Dependent Publications: Art Publishing Presents and Futures

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Dependent Publications: Art Publishing Presents and Futures

By James McAnally May 6, 2020

In-depth, critical perspectives exploring art and visual culture on the West Coast.


"Dependent Publications" was originally commissioned by The Chart as part of its 2019 Visiting Critic Lecture Series and appeared its 2019 print anthology. In light of Art Practical's loss of funding and uncertain future, we are republishing this piece a year later, in hopes it will generate further conversations to propel arts publishing forward in new models and forms.

________

Art criticism is comically self-obsessed with its own struggles as an enduring subject and subtext of its own commentary. At the invitation of The Chart as a part of their Visiting Critic Lecture Series and as a process of reflecting on the ending of my own and many of my closest collaborators’ publications over the last year, I was invited to apply this critical solipsism to reflect on art publishing’s presents and futures.

Criticism is a field forever in crisis: purgatorial, underfunded, and dependent on other structures for its existence, so the litany of complaints are both lived realities and perennially relevant. If this is a crisis, then it is clear that it is not getting any better. Yet, despite the long-form observations of our impending colony collapse, contemporary critics on the whole have not applied our faculties of strategic critique to a sustained interrogation of the structural concerns of our industry as a means to propose alternate routes forward. As a first step in what will require many other voices, here I hope to assess some of the publishing structures and tendencies that define our time and to propose others that may be catalyzed to help us collectively keep going.

Foundationally, our reference for what artworlds are possible are conditioned in part by what is written about, archived, and commented upon publicly. These artworlds are framed and disseminated by whatever publications exist and what those publications choose to engage. One litmus of art publishing’s impact is whether our publications limit or expand our definitions of what publics exist, what publics are emergent, what publics are possible.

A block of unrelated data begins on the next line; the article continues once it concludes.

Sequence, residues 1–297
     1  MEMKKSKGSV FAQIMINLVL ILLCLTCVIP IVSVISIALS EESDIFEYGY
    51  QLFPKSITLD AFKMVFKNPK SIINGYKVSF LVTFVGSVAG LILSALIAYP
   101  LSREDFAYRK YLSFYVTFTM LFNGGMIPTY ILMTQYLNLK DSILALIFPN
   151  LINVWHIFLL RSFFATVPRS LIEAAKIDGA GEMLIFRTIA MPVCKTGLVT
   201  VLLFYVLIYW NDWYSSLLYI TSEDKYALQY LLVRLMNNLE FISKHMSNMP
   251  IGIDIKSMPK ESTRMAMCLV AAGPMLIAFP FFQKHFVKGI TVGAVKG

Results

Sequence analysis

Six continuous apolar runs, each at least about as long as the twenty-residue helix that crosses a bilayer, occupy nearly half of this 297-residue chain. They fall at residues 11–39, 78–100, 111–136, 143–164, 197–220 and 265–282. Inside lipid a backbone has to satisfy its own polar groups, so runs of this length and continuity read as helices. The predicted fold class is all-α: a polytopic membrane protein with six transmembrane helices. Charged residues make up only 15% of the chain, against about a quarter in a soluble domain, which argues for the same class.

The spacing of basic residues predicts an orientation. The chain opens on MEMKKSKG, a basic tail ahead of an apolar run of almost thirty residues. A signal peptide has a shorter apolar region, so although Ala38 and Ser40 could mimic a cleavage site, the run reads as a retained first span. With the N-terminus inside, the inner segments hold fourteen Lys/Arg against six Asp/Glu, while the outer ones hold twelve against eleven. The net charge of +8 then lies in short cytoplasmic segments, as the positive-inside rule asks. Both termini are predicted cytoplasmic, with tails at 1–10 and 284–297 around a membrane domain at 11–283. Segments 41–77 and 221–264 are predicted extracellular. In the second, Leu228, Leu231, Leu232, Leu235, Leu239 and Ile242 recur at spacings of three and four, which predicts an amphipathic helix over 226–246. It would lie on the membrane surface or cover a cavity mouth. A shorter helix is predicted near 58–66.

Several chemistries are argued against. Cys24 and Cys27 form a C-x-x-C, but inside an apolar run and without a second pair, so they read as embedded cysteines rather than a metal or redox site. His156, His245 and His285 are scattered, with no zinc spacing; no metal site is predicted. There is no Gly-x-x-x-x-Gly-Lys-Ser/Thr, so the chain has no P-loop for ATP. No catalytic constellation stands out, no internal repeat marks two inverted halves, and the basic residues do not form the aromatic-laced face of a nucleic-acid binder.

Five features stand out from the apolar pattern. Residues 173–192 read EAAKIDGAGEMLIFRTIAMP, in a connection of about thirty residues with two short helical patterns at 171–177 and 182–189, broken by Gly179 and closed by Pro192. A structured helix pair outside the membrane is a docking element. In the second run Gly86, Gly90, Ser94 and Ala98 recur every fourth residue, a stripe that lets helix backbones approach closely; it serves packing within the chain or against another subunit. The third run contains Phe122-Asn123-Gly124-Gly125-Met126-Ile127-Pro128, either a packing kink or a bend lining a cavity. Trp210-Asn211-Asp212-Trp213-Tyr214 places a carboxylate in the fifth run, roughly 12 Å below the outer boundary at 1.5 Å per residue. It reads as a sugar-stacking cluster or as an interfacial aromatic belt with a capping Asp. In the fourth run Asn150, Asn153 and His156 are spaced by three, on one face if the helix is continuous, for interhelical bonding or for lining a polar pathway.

At present, the most visible publics are still being produced by publications that are centralized in a handful of cities and in relation to particular economies of the art world. Given the distillation of publishing in the shadow of the market, it has no obligation or incentive to discuss the ephemeral, the marginal, oppositional, or decentered work happening in rural places, in smaller cities, even in the DIY or anti-market cultures of larger markets. This connection of the market to publishing is central if, as is overwhelmingly the case, most publishers remain for-profit entities driven by market dynamics and the support of a steady stream of aspirants in the shape of commercial galleries, luxury brands, universities, and a handful of moneyed institutions across the world.

What does this logic produce? It is what we ultimately see today, so we can each approximate an answer. Predominantly, it produces a conflation of different kinds of circulation—that of money and ideas, objects and criticism equally. The public produced through publishing in this mode is essentially what we call the contemporary art world—a deformed version of art and its expressions in institutions dominated by the activities in a handful of cities worldwide and a proportionally limited number of galleries, institutions, curators, and critics. This is the central logic of contemporary art publishing. In short, who or what pays for publishing and where this publishing is sited largely dictate both its terms and possibilities.